I bought a house yesterday for $11,500 on a street named Willowview in Memphis, Tennessee. It needs about 5k in work, and will produce $600/month in rental income. I manage our own properties, so we are looking at true net cash flow here, not counting vacancy and maintenance.
Good deal, perhaps?
What if I told you that the house was sold 8 months ago for $62,750 – right before the owner stopped making payments?
Clearly, on paper, now this is a great deal.
The massive 82% discount that I received on the property(be all in a property at 18 cents on the dollar, anyone?) however is certainly not enough to justify the acquisition of this property. Anyone who is familiar with some of my real estate theories knows that ‘pieces of the puzzle’ cannot be broadly defined solely by purchase price. Many other factors need to be taken into consideration.
However, for the conservative real estate investors in all of us, when we are looking at prospect properties, purchase price, rental numbers, and other ancillary figures, while helping to paint a picture of probable success, do not clearly give us a complete picture of what the investment may hold for us. To examine such paradigms, we need to look retrospectively – at recent empirical data.
Now, I am no math wizard, and while at time to time I tend to introduce certain simple formulae to real estate analysis in my writings, I am more of a ‘let’s get in the field’ type of investor. I almost failed pre – calc in high school, so let’s be clear – looking at empirical data is relegated to examining facts and figures that are easily accessible and easily interpreted. Figures that can easily be found while sitting at your home computer.
For example, when I purchased this property on Willowview, I looked back at the sales data and saw the following numbers posted on the tax assessor’s web site:
Date of Sale Sales Price Deed Number Instrument Type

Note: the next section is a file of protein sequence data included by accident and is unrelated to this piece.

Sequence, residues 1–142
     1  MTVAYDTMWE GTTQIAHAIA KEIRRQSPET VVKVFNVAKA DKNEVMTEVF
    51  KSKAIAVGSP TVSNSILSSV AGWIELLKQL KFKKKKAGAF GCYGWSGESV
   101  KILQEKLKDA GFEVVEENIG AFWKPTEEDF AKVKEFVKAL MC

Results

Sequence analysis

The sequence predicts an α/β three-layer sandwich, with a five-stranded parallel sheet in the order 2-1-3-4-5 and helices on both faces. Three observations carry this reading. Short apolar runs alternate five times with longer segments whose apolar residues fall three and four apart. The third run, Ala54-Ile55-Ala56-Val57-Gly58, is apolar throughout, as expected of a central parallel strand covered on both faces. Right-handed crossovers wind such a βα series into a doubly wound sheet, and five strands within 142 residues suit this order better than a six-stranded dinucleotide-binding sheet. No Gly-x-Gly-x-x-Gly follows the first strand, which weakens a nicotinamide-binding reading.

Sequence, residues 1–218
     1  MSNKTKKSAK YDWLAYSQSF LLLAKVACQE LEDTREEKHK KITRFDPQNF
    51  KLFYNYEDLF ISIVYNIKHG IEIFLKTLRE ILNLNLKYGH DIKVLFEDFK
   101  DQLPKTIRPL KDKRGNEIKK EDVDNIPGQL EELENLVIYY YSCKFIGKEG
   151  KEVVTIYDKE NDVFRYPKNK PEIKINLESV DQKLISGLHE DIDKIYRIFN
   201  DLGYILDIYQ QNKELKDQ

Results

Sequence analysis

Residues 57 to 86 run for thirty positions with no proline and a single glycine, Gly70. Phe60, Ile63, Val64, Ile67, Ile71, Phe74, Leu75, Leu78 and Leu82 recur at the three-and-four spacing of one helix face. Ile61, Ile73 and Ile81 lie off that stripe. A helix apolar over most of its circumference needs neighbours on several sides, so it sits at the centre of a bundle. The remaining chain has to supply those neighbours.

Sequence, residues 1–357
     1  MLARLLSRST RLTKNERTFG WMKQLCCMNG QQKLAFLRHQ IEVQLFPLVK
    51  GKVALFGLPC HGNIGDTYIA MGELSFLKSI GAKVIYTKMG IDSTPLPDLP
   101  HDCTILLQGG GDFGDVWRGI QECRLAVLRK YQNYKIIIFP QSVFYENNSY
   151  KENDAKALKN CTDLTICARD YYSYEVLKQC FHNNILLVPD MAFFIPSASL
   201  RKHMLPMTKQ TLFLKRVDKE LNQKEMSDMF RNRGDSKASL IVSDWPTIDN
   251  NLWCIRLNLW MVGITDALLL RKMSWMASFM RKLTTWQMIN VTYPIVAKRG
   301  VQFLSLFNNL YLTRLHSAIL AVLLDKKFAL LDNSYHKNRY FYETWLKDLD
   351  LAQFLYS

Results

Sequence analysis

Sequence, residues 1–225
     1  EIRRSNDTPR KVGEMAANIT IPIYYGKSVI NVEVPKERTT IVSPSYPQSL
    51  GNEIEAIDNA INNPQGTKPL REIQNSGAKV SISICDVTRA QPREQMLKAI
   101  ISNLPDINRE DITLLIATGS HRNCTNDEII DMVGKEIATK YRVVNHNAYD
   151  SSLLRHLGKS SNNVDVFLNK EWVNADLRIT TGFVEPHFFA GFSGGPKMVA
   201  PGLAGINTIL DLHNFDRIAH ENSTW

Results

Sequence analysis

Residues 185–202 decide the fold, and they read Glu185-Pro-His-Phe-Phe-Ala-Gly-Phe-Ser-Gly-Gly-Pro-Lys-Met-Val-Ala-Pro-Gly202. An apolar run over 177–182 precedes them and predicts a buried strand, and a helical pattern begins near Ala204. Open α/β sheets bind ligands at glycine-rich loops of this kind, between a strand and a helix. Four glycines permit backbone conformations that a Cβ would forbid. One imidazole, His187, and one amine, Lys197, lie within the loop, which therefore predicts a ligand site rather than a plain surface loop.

01/02/2008 $62,0000 8010589 TD
10/21/1998 $54,000 HW0739 WD
06/02/1998 $17,600 HL3043 TD
11/17/1977 $23,150 M74612 UN
Now what does this tell me? I see that a transaction took place in January of this year, for $62,000. The title search showed that the transaction actually was for $62,750 – but really, the extra money isn’t that important. What this tells me is AN APPRAISER LESS THAN 8 MONTHS AGO, FELT THAT THIS HOUSE WAS WORTH AT LEAST $62,000.
Looking back even further, I see that over 10 years ago the house was STILL worth $54,000. So, for $11,500, I am getting a deal here, at least from a price point.
But again, price alone is not sufficient to justify us pulling the trigger on an investment home. I need to look at rental comparables and the rental area itself.
Resources such as rentstalker.com and property management companies, as well as your local network of investors and your local Real Estate Investor Association, can be great sources of information for the viability of a potential rental area. As we have stated many times previous, we really DON’T want to buy in a ‘war zone’ or high crime area. However, in this case, I happen to own another home on the same street that rents for $600/month, has the same number of bedrooms and baths, and has much smaller square footage and amenities. So, this data I know for a fact gives me a strong indication that I can expect an equal performance from the new prospect property, if not a slightly stronger one.
When analyzing real estate investment prospects, it is critical that you review historical data as a possible forecast for what the future holds. The past, does in fact, sometimes seem to repeat itself. If a property has a history of high price values compared to what you are able to buy the property for, the area looks good, and the rental comparables are solid, you may want to think about taking a shot and putting the property into your portfolio.
On the other hand, if historical data indicates that the empirical strength of strong sales prices, rental numbers, and low crime statistics are not in place for a property you are considering, you may want to think about moving on to the next deal.
I once heard someone say “the deal of the century comes around once a week.”
Don’t be afraid to examine the historical precedents that have been lain out before you to help forecast future performance.
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